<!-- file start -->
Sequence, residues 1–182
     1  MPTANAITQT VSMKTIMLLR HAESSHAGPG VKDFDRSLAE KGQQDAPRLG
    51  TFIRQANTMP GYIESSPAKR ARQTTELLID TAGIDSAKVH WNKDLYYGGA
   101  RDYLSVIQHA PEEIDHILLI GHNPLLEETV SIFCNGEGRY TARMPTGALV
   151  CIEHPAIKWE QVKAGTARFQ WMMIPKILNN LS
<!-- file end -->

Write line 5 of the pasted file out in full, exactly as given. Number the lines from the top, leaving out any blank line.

   151  CIEHPAIKWE QVKAGTARFQ WMMIPKILNN LS